For all his activities outside of the university, Thorne remained devoted to his students, said Roseman. “With Jack, students always came first. I don’t care how busy he was, if a student wanted to see him, he made time.”
In the lobby of the Tepper School of Business is a sculpture dedicated to Thorne. Titled, “Self-Made Man,” it shows a muscular male figure, raising a hammer to strike a chisel as it sculpts its own form from a block of rock. It was donated in 2006 by Sarosh Kumana, (TPR ’77), a student of Thorne’s.
“Jack inspired generations of budding entrepreneurs to follow their dream. He helped make entrepreneurship a career, recognizing that the qualities that characterize an entrepreneur are different from those needed for other business-oriented careers,” said Kumana. “The "Self-Made Man" sculpture is a perfect representation for that, since his students were able to sculpt themselves into entrepreneurs because Jack gave us the tools to do so.”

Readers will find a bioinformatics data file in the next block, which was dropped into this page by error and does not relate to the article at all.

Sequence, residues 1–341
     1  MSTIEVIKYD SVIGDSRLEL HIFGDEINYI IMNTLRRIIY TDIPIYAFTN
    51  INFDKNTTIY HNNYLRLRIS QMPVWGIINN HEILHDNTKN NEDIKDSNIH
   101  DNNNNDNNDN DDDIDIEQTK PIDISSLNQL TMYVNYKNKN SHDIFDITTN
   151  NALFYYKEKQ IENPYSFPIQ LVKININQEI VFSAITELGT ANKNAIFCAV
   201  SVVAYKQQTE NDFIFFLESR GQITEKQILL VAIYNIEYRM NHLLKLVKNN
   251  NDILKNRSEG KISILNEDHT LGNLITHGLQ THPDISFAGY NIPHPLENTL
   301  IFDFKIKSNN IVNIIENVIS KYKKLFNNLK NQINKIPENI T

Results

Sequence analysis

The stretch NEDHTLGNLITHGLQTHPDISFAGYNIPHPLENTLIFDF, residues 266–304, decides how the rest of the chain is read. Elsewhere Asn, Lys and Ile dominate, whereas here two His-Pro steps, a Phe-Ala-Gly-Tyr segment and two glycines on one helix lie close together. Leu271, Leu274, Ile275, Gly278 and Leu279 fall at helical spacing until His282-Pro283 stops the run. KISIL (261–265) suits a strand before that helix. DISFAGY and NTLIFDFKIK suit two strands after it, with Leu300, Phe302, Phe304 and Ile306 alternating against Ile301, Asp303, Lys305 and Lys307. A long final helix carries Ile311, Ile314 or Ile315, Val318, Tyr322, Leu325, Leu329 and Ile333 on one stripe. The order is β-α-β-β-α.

In addition to his Master of Science in Industrial Administration from Carnegie Mellon, Thorne received a Bachelor of Science from Brown University (1947) and a Master of Science in Electrical Engineering from the University of Pittsburgh (1949). In 1986, he was awarded the David T. and Lindsay J. Morgenthaler Professor of Entrepreneurship chair at Carnegie Mellon. He was a member of Sigma Xi, Tau Beta Pi and Phi Kappa Phi honor societies.
He served on numerous boards throughout his life, including Orion Capital Corp., Medrad Inc., Bactex Inc. and Precision Therapeutics. He was a member of the editorial review board for the Journal of Business Venturing, and author of, “Alternative Financing for Entrepreneurial Ventures: Entrepreneurship, Theory and Practice,” (1989); and “Entrepreneurs and Their Companies: Smaller Industrial Firms in the Pittsburgh Metropolitan Area,” with J. Ball.